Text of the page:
Large bare patches of dirt, tufts of dead grass, and birds feasting on insects squirming from the ground – if your lawn is starting to look like a scene from “Grapes of Wrath,” you might have grubs.
Grubs are causing homeowners consternation in lawns from the Twin Cities down through southeast Minnesota. Japanese beetles spend the larval part of their life cycle as a grub, and grubs love grass roots. They live in the ground eating the roots of our lawn grasses until those grasses die out. Turf that has been eaten by grubs will pull up easily like a rug.
The bad news is that grubs damage our lawns and adult Japanese beetles can wreak havoc on our favorite garden plants, shrubs, and trees. The good news is that these beetle grubs are easy to control using organic techniques.
To understand how to control grubs it is important to know the difference between dirt and soil. Dirt is simple; any percentage mixture of sand, silt, and clay combined with a relatively small biomass of living bacteria can be called dirt. Dirt doesn’t have much life in it and can’t support a wide array of microscopic organisms, which is ultimately why dirt is so easy for grubs to grow in.
Soil, on the other hand, combines the components of dirt with a wide array of living micro and macro-organisms. Perhaps the most important organisms in soil for fighting grubs are fungi and nematodes.
Fungi is a key component in soils because it provides nutrient cycling by transforming sand, silt, clay, and organic matter into plant food. It also grows in an underground matrix or web that holds individual soil particles apart from one another. This matrix formation allows air and water to flow through the soil. In this way, fungi is essential for creating a habitat for a community of soil microbes.
Ok, that’s gross
This is where nematodes enter the story and it all takes a stranger than sci-fi turn. Nematodes are microscopic worms and are the mortal enemies of Japanese beetles. Surreptitiously sliding into the bodies of grubs underground, nematodes infect grubs with bacterial diseases that knock the grubs dead. The nematodes then engage in a Caligulian orgy, eating the grub from the inside out, while reproducing prodigiously inside the corpse of the fated grub. As lovely as this is to imagine, the results speak for themselves. Lawns with high numbers of beneficial nematodes never have enough grubs to do any damage.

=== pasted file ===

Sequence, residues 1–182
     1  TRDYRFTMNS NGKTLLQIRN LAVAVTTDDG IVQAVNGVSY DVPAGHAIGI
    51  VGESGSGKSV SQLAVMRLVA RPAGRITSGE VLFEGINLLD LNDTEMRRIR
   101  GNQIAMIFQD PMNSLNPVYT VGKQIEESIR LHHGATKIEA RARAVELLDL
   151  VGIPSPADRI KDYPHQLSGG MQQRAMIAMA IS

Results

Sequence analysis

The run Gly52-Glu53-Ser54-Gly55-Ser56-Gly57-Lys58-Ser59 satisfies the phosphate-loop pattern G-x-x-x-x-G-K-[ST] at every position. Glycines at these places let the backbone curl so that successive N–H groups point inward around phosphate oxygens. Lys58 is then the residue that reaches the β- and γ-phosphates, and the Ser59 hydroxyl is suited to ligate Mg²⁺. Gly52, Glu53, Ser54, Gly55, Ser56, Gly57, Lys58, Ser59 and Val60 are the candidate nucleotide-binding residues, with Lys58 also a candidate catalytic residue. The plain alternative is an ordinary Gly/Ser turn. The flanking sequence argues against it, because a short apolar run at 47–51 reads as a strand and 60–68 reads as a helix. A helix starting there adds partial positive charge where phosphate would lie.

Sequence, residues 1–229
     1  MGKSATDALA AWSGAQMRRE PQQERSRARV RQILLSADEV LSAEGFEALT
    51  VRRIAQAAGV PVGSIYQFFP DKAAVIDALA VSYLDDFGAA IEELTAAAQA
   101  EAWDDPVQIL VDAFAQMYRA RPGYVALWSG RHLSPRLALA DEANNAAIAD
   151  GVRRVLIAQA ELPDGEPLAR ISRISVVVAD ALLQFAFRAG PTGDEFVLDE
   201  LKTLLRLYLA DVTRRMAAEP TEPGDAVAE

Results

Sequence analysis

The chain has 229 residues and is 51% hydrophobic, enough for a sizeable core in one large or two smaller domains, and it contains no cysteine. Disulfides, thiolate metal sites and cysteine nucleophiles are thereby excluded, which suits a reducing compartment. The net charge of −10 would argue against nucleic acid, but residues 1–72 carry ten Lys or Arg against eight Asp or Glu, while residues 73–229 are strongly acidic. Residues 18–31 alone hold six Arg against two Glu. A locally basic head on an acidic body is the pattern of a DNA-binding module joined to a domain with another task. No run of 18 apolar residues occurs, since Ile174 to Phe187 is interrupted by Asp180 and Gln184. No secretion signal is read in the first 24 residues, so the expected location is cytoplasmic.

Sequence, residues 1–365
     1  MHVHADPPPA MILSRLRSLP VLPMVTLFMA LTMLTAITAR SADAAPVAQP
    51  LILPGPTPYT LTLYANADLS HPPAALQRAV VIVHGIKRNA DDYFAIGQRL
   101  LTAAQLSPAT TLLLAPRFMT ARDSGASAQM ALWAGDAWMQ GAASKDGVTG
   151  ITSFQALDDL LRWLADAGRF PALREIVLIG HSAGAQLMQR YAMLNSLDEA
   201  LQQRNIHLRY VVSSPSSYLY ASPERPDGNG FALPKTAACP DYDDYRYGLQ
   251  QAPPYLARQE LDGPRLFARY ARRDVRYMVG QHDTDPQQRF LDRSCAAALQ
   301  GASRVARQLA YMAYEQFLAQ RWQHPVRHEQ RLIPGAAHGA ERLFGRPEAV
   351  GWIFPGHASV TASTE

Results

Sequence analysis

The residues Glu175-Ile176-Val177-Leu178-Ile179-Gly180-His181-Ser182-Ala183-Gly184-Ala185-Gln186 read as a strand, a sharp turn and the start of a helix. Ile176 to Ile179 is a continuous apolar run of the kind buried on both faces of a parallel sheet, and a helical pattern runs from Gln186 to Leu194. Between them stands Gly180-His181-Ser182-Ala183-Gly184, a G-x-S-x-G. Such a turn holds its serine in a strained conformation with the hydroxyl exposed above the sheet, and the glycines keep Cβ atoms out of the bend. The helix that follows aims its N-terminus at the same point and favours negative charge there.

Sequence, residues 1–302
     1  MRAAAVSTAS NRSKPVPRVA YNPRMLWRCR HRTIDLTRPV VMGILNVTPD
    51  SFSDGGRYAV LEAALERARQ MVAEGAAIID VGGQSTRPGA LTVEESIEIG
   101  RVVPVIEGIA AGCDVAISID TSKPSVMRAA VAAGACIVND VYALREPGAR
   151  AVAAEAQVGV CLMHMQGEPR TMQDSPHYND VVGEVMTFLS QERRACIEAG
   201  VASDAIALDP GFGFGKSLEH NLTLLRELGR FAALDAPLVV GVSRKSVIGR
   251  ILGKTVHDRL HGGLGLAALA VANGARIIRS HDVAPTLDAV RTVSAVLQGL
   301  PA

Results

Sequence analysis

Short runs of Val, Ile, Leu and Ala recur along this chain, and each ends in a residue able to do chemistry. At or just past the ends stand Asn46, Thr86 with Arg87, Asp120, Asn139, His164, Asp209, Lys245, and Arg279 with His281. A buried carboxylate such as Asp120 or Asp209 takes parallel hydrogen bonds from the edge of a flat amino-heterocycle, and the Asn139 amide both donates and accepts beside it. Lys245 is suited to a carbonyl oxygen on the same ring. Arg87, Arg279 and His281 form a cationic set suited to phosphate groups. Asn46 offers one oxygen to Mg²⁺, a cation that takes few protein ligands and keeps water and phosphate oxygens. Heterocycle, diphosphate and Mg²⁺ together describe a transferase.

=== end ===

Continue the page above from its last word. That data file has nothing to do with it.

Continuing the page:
Cultivating a healthy soil system in a lawn starts with caring properly for plants. Plants exude approximately 40% of the sugars they make through photosynthesis out of their roots in what are called root exudates. These exudates are delicious to fungi, and encourage them to colonize roots. Fungi then extend into the soil where they chemically mine nutrients out of soil and ship them back to plants. This beneficial, symbiotic relationship is made possible because plants are able to photosynthetically create sugars and are willing to share them.
Off the tread mill
Common practices associated with conventional lawn care weaken soil ecosystems. Herbicides and synthetic fertilizers damage, or kill beneficial fungi and nematodes sometimes resulting in higher grub populations.
Mowing practices are a critical driver of turf health because the way we mow can either stimulate or suppress photosynthesis. Grass plants photosynthesize using chlorophyll stored in leaves or blades of grass. When we damage the blades of grass, we reduce a plant’s ability to photosynthesize.
Dull mower blades tear and shred grass blades leaving them weakened. Mowing shorter than 3 inches and cutting off more than 1/3 of the leaf blade both have a similar effect on most turf grass in that they severely limit photosynthesis and cause grass plants to shed roots restricting their ability to feed fungi. This suppresses a plant’s ability to produce healthy habitat for themselves.
Bringing it home
Regular aeration and over-seeding can help control grubs. Aeration is the process of pulling small plugs of soil from the ground and depositing them on the surface using a machine or hand tool. Aeration alleviates compaction and allows air and water to flow into the ground, stimulating the growth of beneficial fungi. Over-seeding adds youth and vigor to the turf.
Nematode eggs and fungal spores can be purchased from reputable labs and added to your soil to help control grubs. On their own, eggs and spores won’t do nearly as much to control grubs as combining them with aeration and over-seeding. It is important to make a home for the nematodes by aerating before adding them to the soil.
Grub infestations are a sign that soil is less than healthy. Using time tested organic methods to reduce grubs will have the simultaneous effect of supporting grass health and strengthening turf.
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